Blame Game

I lost my wager on the Hot Three weather Stations in Week 44. Sydney trailed in sixth and an outsider came up fast on the rails to pip Koltsovo for third place. The favourite, Washington DC, romped home but one out of three is poor. I blame my analysis of the GFS Model forecasts on Climate Reanalyzer rather than the model itself. I’ll try to do better this week.

44_FullTable

The aforementioned outsider was Cape Town, which is under the spotlight this week. For the first 36 weeks of the meteorological year, it has been colder than the station’s Ten-Year running average. It is, however, one of three southern hemisphere stations with a warming trendline to the end of November.

wk44_CapeTowncombo

If Cape Town reaches the forecast 1.2°C that will be 0.35°C warmer than the Ten-Year average. After five weeks of the southern spring, it is 0.25°C warmer.

44_CapeTowncf10yr

 

Cape Town is ahead of schedule and the rise seems steady, but the southern hemisphere continues to run cold. (An earlier error in the South’s figures has been corrected.)

44_CapeTownSouthTREND

I don’t think the northern hemisphere will be as warm this week as last and the south will continue to be relatively cool. Australians have been warned of an imminent “scorcher” lasting several months but South America, South Africa and New Zealand may not be similarly cursed.

Week 45 warmest of the Ten – all northern hemisphere: Koltsovo, Shanghai, Washington DC.

 

Southern Summer

Here are the results from five weather stations south of the equator –

SouthernSummerAboveP-I

There is no way of knowing if the TEN Stations together are representative of the Earth as a whole. They combine to give an AVERAGE temperature in the first quarter of the meteorological year of 1.22°C above the Pre-Industrial Baseline; a warming of 0.37°C.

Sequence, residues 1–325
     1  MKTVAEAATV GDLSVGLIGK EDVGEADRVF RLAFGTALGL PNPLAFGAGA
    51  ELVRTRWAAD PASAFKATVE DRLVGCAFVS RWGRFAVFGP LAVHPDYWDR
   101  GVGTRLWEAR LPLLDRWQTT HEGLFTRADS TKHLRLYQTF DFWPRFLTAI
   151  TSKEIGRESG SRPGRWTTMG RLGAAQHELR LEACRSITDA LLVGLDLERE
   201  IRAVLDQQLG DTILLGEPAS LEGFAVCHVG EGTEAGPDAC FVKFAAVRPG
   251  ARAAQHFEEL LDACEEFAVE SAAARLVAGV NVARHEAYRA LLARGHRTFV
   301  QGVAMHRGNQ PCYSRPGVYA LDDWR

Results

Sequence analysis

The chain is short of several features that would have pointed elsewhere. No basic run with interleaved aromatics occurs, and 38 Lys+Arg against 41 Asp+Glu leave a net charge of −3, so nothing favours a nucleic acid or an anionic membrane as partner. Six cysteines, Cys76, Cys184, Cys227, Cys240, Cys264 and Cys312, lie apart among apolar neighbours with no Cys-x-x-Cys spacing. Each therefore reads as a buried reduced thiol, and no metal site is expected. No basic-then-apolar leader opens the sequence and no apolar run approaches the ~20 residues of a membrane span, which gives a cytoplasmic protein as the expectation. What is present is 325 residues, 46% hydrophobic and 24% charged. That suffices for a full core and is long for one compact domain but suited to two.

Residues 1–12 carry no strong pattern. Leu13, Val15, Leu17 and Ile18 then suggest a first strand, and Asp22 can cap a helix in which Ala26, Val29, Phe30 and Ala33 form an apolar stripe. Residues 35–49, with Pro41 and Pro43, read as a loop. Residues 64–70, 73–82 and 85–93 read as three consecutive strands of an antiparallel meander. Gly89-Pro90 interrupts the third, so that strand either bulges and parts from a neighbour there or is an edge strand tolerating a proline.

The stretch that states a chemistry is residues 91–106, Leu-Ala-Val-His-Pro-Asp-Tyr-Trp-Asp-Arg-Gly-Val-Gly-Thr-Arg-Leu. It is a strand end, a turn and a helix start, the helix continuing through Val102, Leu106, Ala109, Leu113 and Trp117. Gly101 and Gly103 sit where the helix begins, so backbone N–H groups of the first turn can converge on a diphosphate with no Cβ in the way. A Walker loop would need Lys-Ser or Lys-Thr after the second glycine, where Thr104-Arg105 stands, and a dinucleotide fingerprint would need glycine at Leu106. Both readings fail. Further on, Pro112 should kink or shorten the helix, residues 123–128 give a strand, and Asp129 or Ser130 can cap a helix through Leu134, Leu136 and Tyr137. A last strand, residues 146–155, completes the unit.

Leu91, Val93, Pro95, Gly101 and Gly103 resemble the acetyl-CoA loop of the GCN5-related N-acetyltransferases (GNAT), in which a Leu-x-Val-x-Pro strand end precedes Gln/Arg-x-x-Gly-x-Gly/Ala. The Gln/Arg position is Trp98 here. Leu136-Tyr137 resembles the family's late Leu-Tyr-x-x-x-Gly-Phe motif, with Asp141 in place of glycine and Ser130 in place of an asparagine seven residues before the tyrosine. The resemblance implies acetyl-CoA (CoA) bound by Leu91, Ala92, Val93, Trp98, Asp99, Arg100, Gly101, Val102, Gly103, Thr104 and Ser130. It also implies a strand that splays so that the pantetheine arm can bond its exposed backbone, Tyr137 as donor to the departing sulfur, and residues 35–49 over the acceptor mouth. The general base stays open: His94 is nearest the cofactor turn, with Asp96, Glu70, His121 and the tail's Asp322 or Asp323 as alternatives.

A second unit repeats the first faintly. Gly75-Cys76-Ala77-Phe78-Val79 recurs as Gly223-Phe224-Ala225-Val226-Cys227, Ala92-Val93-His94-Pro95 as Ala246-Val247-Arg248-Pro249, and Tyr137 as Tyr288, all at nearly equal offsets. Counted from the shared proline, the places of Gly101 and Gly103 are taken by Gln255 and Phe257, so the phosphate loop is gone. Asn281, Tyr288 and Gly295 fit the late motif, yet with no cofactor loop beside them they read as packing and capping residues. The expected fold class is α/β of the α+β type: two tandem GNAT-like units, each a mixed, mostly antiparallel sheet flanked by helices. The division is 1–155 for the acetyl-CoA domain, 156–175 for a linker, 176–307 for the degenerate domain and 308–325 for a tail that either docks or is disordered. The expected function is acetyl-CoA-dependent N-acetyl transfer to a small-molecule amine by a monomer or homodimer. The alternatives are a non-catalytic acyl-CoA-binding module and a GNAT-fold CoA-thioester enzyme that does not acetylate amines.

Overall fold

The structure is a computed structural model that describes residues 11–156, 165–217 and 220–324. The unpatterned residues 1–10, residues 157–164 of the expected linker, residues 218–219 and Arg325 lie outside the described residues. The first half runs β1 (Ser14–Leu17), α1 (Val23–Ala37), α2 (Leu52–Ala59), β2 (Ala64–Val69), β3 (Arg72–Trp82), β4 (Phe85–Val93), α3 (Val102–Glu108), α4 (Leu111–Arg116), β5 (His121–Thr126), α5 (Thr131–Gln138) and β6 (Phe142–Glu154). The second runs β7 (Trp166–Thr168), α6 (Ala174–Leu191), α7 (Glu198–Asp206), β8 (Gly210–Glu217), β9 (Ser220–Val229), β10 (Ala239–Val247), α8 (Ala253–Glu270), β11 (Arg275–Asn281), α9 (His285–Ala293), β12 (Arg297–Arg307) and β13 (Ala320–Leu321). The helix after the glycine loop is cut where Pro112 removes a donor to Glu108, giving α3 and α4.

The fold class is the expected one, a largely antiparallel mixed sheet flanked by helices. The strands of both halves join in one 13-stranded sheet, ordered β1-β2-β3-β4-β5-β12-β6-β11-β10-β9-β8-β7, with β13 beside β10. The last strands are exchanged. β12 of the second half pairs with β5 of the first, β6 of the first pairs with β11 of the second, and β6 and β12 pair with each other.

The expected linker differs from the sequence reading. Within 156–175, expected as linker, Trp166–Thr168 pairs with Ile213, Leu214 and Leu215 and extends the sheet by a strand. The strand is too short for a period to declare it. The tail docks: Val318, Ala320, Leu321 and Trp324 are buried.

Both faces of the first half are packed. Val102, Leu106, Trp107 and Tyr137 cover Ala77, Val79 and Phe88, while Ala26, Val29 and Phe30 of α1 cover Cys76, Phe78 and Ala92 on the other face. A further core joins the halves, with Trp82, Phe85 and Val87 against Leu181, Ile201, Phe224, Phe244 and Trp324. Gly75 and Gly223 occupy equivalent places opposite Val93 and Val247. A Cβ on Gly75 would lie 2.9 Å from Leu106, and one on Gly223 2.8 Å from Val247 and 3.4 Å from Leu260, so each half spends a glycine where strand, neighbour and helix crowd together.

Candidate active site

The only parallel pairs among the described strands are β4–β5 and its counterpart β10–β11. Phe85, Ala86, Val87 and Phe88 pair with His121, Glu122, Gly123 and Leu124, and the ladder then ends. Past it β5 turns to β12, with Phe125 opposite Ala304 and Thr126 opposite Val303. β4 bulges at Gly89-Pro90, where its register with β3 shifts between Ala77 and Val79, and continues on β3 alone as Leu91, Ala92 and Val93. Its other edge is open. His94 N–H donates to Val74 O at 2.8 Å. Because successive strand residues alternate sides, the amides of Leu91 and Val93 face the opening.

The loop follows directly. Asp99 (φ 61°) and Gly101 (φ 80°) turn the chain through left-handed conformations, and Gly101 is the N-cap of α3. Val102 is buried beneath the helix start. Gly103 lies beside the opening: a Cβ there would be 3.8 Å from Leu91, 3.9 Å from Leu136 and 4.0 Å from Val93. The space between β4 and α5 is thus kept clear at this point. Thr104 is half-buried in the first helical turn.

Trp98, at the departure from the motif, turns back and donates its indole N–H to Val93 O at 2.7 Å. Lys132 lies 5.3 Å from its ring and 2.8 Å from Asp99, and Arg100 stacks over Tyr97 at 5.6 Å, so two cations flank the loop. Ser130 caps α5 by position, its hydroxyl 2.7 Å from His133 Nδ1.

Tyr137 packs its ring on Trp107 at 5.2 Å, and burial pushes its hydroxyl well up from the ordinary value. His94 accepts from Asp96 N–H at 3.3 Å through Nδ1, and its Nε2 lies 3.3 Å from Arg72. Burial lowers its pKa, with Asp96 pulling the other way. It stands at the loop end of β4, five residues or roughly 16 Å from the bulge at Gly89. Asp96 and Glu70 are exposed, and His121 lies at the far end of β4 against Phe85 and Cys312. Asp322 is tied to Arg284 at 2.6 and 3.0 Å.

Historical records show temperatures have typically fluctuated up or down by about 0.2°F per decade over the past 1,000 years. But trends over the past 40 years have been decidedly up, with warming approaching 0.4°F per decade. That’s still within historical bounds of the past — but just barely.

Scientific American

My station figures point to a rise much faster than historical, though it is probable that the next 9 months could see this quarter’s rate fall considerably. There is, perhaps, no need to be concerned, but the 0.85°C rise since Pre-Industrial does look a bit on the low side.

There is a dataset that offers an opportunity to compare the historical past with present experience. You can freely download the Central England Mean data from the UK Met Office website. I have an Excel spreadsheet with the annual thermometer-measured figures from 1659  to 2017. It, therefore, covers much of the Maunder Minimum period (1645 to 1710).

A Central England Baseline, averaging the AVERAGE (Mean) annual temperatures from 1659 to 1750, gives a figure of 9.02°C. Calculating the rise to 1960 and each decade thereafter (and finally to 2017) yields this graph.

CentralEnglandMean

Wow, that harsh winter of 1962/3 in England made its presence felt. The rise has reached 1.3°C above the Central England Baseline. Compare that with yesterday’s Northern Winter result of 1.27°C above the Global Pre-Industrial Baseline I have chosen.

The 52 years of the 65 years long Maunder Minimum covered by the Central England dataset averaged 8.8°C, only 0.22°C less than the Baseline figure (1659 to 1750). This suggests that Eddy, if he arrives, isn’t to be feared. Some have suggested that he will be no match for continuing human-induced warming.

Are things hotting up on the sub-continent?

The legacy media are not giving us much information about the conflict between India and Pakistan. After closing its airspace on Thursday, Pakistan seems to be allowing commercial flights over the country again but India’s north-west seems to be out of bounds still. In the screenshot below the highlighted jet is an Air India Boeing 787-8 Dreamliner from London Heathrow heading for Delhi.

20190302_PakIndAirspace2

Across La Manche, the Yellow Vests have protested for the sixteenth Saturday straight. The UK regime doesn’t want us to know about it. All quiet on the BBC front.